Steve's Tolman Project

Step 1
Read and re-read Renn Tolman's Book, Wide Body Addendum and Jumbo addendum over and over again until I've just about got everything memorized.

Step 2-- Draw pictures of the Tolman to be...

Step 3

Okay, I've gone back and forth on which Tolman I'm going to build and have finally just decided to go for the Jumbo. It's going to be very tight building the Jumbo in my space, but I think I can make it work.

6/23/01- I've built 2 1/2 pairs of sawhorses to Renn Tolman's specs and started purchasing all the hardware, wood and tools I'll need to build my Tolman.

Have started laying out the transom on a 1/2" sheet of Meranti Marine grade plywood. Nice wood, cheaper than fir marine grade plywood and it appears to be higher quality. There are zero footballs on either face and it looks like it has 9 plys.

I thought that an 8' transom didn't look very big while laying it out on the plywood, but looking at it leaning up against the garage I've suddenly realized how big the Jumbo is really going to be. Wow! I've calculated that the sides will be approximately 30" which should make for a very comfortable fishing vessel. Indeed!

(stolen image from Renn, monkeyed with in Photoshop to add cabin)

Saturday, February 9, 2002
Subject:  Tolman building is thirsty work.

Today was my first real epoxy day. Up til now I've entertained myself by practicing scarfing, filleting and gluing scrap plywood. I've diddled around and thought about this to the point that I knew I'd better start making sawdust and epoxy drips and drool or folks would just give up on me ever building a beautiful Tolman.

Today, the transom got my full attention. It was already cut out but I'd yet to glue up the 2x8. Well, it's done but it was a fire drill halfway into the epoxying. Here are a few things that I thought I knew, but had to learn the hard way.

Rule #1: Even though you've read Renn's book several times, it doesn't hurt to review things right before you commit to making a mess.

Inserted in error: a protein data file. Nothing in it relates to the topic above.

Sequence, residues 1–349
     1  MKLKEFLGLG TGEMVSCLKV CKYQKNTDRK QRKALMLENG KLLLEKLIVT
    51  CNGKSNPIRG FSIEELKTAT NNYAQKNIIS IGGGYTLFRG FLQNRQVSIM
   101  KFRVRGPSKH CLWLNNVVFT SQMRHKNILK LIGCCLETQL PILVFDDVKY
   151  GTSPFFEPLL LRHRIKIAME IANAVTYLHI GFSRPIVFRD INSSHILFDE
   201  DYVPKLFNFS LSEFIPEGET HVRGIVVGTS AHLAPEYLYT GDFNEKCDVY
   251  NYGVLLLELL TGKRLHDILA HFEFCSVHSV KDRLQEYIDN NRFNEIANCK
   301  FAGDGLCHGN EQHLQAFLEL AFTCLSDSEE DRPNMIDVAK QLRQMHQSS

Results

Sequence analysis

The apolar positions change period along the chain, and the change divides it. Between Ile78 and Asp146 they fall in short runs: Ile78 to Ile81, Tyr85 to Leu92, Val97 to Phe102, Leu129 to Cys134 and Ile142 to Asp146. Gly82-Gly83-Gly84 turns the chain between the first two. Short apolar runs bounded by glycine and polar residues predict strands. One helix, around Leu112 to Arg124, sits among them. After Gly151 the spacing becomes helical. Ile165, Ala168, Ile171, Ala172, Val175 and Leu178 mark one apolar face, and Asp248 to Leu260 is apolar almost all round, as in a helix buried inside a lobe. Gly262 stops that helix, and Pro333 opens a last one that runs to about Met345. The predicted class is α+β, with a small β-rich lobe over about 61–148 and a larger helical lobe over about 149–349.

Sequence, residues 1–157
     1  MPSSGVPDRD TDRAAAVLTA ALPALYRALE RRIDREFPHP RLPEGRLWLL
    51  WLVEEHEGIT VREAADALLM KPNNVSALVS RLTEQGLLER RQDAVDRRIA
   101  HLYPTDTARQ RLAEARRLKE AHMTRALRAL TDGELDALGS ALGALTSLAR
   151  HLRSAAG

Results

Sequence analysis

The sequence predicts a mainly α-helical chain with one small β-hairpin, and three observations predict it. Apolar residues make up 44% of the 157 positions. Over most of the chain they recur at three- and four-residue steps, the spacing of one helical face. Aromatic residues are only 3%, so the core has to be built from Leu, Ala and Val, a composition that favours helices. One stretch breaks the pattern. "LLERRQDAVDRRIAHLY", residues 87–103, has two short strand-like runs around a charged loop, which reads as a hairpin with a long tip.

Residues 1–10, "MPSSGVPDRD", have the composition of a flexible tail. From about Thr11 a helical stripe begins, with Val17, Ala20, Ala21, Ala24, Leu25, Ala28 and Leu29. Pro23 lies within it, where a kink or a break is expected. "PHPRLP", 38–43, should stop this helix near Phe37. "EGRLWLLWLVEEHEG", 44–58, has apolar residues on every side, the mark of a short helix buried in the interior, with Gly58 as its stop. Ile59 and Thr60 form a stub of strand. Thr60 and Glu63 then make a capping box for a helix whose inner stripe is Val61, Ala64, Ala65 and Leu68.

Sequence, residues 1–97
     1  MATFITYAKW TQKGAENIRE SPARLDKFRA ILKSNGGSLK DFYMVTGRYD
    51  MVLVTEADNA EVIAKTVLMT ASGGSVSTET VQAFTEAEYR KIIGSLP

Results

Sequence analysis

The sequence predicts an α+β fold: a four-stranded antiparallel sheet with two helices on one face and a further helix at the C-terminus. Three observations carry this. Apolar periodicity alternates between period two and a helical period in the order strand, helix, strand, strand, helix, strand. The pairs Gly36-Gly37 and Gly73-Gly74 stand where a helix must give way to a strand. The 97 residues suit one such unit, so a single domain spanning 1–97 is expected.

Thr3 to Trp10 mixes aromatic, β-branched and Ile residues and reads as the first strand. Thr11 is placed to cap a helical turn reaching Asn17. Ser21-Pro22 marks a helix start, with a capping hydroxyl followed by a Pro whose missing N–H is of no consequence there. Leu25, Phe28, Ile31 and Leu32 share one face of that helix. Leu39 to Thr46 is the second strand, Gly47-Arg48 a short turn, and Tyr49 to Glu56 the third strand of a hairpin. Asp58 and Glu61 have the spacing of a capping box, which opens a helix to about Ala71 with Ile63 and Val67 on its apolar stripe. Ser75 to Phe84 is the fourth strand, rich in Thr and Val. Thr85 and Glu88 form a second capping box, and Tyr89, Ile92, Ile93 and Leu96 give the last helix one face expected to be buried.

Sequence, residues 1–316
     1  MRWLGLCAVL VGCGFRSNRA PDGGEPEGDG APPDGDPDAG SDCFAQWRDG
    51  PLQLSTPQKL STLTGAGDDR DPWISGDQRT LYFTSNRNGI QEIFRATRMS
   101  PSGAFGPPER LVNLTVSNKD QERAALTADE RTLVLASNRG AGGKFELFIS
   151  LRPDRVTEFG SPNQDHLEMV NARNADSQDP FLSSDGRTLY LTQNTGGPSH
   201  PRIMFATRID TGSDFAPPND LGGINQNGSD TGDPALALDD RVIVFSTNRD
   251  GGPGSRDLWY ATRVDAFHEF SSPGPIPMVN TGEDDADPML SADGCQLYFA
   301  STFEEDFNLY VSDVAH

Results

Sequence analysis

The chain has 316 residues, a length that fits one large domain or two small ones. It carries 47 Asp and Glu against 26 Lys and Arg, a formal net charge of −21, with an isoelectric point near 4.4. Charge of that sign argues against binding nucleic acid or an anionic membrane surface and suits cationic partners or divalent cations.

Rule #2: Just like Renn says, you've got to keep your epoxy warm or it will crystallize. Hmmmm. Can you say "hot water bath"? I have to finish off my epoxy bench by closing in the sides and installing insulation and a light bulb to keep it warm on those 30 degree nights. No more hot water baths for my epoxy.

Rule #3: Have everything, and I mean everything ready before you mix up the first batch of epoxy.(Where the heck did I put those plywood buttons?, he says as the epoxy is hardening.) Jigsaw to the rescue with a valiant whack out some buttons in about two minutes.

Rule #4: Warm epoxy cures wayyyyyyyy faster than cool epoxy.

Rule #5: Don't forget to turn off the stove for your second batch of hot water to de-crystallize the epoxy. Ignore the fire alarm until after you've finished screwing the transom and 2x8 together. It's no more noisier than the neighbor's car alarm or yappy dog.

Rule #6: Relax. Epoxy conquers all. Yeah right. Say that to my tools, driveway, sawhorses and garage floor all suffering from my epoxy drool.

Rule #7: Tolman building is thirsty work. When you've conquered epoxy and reached a milestone, you must reward yourself with your favorite dark ale.

Tomorrow: Scarfing ain't fer wimbly wambly girly boys.

February 18,2002

Well, I finally got the transom completely glued up. Horn doublers and bottom doubler are drooling as I write. Also cut out the corner braces, but see that I'll have to fine tune them when I start putting everything together.

Have decided I need another twenty clamps of some sort. Even after using a bazillion plywood buttons fastened with sheetrock screws and washers I still ended up using some 30 odd bar, C and spring clamps to line the perimeter of the transom. Yes, it looked like the proverbial porcupine that Renn described in his book.

Adding a washer to the sheetrock screws for the buttons kept the screws from going too deep and exiting out the other side. When you folks who haven't, but intend on building, get around to it, be sure to make a lot of plywood buttons and have them set up prior to mixing your epoxy. It'll save you from the fire drill routine.

My second gluing session was way more relaxed than the first and I swear I feel like I've been doing it forever. Hmmmm. Hopefully the fiberglassing part will feel the same.

I'm going through an awful lot of gloves and I seem to struggle with keeping my chip brushes in useable condition. I will go through a lot of those too.

I found a mustard pump at home depot for $3.50 that is making the dispensing of acetone a lot less messy. Problem is the thing doesn't fit all that well so I have to take it off at the end of the day. Someone somewhere has to have some sort of a valve or pump that screws into the opening of a one gallon acetone can.

Back to work...

on to the next installment...